# Limit of momentum update equation

I am self-studying on optimization algorithm on https://d2l.ai/chapter_optimization/momentum.html and couldn't get my head around some derivation:

$$\mathbf{x_t} \leftarrow \mathbf{x}_{t-1} - \eta_t \mathbf{g}_{t,t-1}$$ Momentum descent uses a "momentum gradient", $$\mathbf{v_t}$$, instead of the gradient, $$\mathbf{g}_t$$ : \begin{align}\mathbf{v_t}&\leftarrow\beta \mathbf{v_{t-1}+\mathbf{g}_{t,t-1}} \\ \mathbf{x}_t &\leftarrow \mathbf{x}_{t-1} - \eta \mathbf{v}_t \end{align} where $$0<\beta <1$$ and $$\mathbf{g}_{t,t-1}$$ is the gradient at step size $$t$$ and $$\mathbf{v_t}$$ is updated recursively as follow：
\begin{align}\mathbf{v_t}&=\beta \mathbf{v}_{t-1}+\mathbf{g}_{t,t-1} \\ &=\beta^2 \mathbf{v}_{t-2}+\beta \mathbf{g}_{t-1,t-2}+\mathbf{g}_{t,t-1} \\ &\qquad\vdots \\ &=\sum_{\tau=0}^{t-1} \beta^\tau \mathbf{g}_{t-\tau,t-\tau-1}\end{align}

The text then continues by stating （11.6.1.4）

In the limit the terms add up to $$\sum_{\tau=0}^\infty \beta^\tau = \frac{1}{1-\beta}$$. In other words, rather than taking a step of size $$\eta$$ in gradient descent or SGD we take a step of size $$\frac{\eta}{1-\beta}$$ while at the same time, dealing with a potentially much better behaved descent direction.

I am at loss at how $$\sum_{\tau=0}^{t-1} \beta^\tau \mathbf{g}_{t-\tau,t-\tau-1} \rightarrow \frac{1}{1-\beta}$$ as $$t\rightarrow \infty$$. I try to reason it as follow:

Since \begin{align} \mathbf{x}_t &= \mathbf{x}_{t-2} -\eta\mathbf{v}_{t-1} -\eta\mathbf{v}_t\nonumber\\ &= \mathbf{x}_{t-3} - \eta\mathbf{v}_{t-2} -\eta\mathbf{v}_{t-1} - \eta\mathbf{v}_t\nonumber\\ &\hspace{25pt}\vdots\nonumber\\ &= \mathbf{x}_0 - \sum_{\tau=0}^{t}\eta\mathbf{v}_{t-\tau}\\ \mathbf{v}_t &= \beta^{t-1}\mathbf{g}_{1,0} + \beta^{t-2}\mathbf{g}_{2,1} + \cdots + \mathbf{g}_{t,t-1}\\ \mathbf{v}_{t-1} &= \beta^{t-2}\mathbf{g}_{1,0} + \beta^{t-3}\mathbf{g}_{2,1} + \cdots + \mathbf{g}_{t-1,t-2}\\ &\qquad \vdots\\ \mathbf{v}_1 &= \mathbf{g}_{1,0}\\ \newline \mathbf{v}_0 &= 0 \end{align} Then, \begin{align} \mathbf{x}_t &= \mathbf{x}_0 - \eta\left\{\left(\beta^{t-1}+\beta^{t-2}+\cdots + 1\right)\mathbf{g}_{1,0} + \left(\beta^{t-2}+\beta^{t-3}+\cdots + 1\right)\mathbf{g}_{2,1}+\cdots+\beta\mathbf{g}_{t-1,t-2} + \mathbf{g}_{t,t-1}\right\}\nonumber\\ &= \mathbf{x}_0 - \eta\left\{\left(\sum_{\tau=0}^{t-1}\beta^{\tau}\right)\mathbf{g}_{1,0}+\left(\sum_{\tau=0}^{t-2}\beta^\tau\right)\mathbf{g}_{2,1}+\cdots+\beta\mathbf{g}_{t-1,t-2}+\mathbf{g}_{t,t-1}\right\} \end{align}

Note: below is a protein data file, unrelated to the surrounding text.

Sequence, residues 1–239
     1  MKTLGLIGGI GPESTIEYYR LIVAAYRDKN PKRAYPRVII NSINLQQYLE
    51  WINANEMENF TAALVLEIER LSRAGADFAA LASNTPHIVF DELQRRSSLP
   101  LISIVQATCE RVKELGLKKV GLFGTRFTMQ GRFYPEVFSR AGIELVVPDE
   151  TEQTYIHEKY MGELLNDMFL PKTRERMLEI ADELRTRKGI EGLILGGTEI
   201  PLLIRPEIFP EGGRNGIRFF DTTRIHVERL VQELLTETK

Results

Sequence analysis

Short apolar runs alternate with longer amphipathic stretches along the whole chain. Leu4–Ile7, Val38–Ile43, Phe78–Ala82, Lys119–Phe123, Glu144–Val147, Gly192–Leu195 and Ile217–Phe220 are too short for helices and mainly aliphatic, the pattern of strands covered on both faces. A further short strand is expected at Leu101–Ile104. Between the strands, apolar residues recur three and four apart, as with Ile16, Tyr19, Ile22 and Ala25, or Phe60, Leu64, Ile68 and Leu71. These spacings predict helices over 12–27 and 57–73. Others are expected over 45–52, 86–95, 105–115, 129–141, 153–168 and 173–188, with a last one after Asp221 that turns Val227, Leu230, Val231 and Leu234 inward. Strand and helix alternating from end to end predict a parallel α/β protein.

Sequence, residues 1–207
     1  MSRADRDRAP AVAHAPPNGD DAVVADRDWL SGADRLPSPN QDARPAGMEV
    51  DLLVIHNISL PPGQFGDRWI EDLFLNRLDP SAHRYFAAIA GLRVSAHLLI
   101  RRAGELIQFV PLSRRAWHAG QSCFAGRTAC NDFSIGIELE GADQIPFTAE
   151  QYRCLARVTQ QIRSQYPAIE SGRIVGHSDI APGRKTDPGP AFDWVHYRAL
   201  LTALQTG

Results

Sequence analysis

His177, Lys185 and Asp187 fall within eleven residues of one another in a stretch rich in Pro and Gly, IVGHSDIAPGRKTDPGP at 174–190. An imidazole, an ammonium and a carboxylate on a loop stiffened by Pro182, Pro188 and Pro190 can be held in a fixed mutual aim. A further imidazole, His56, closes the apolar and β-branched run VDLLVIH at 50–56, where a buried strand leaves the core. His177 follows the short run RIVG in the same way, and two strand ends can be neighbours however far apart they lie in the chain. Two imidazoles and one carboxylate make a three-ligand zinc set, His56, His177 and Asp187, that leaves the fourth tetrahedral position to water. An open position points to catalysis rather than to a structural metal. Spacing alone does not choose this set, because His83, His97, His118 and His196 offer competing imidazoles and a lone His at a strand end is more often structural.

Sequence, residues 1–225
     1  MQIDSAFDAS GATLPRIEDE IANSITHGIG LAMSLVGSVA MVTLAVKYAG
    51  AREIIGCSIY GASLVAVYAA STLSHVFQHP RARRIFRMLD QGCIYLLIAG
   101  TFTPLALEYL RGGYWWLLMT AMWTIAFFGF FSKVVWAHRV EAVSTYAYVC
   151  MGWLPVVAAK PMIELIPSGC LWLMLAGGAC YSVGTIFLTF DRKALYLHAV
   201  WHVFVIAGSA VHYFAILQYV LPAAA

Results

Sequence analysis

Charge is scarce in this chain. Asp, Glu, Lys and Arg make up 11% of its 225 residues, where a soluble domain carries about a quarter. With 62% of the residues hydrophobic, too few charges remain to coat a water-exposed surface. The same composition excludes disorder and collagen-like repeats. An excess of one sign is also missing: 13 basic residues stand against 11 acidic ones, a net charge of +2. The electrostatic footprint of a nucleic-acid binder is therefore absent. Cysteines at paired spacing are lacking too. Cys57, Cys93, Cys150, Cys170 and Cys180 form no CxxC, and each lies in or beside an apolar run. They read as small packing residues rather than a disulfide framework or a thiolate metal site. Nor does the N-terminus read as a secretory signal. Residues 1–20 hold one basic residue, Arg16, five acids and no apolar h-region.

As $$t\rightarrow\infty$$ $$\mathbf{x}_t = \mathbf{x}_0 - \eta\left\{\frac{1}{1-\beta}\mathbf{g}_{1,0} + \frac{1}{1-\beta}\mathbf{g}_{2,1} + \cdots + \underbrace{\beta\mathbf{g}_{t-1,t-2} + \mathbf{g}_{t,t-1}}_{\rightarrow 0\text{ as }t \rightarrow 0}\right\}$$

And this effectively becomes

$$\mathbf{x}_t = \mathbf{x}_0 - \eta\left(\frac{1}{1-\beta}\right)\mathbf{g}$$

I'm not sure if this is what the text means? To be honest, I feel like I'm kinda forcing my reasoning on the equation. Can someone shed more light on my question? Thanks.

• What is your specific question? Are you asking why that sum tends to that formula?
– nbro
Jan 10 at 16:28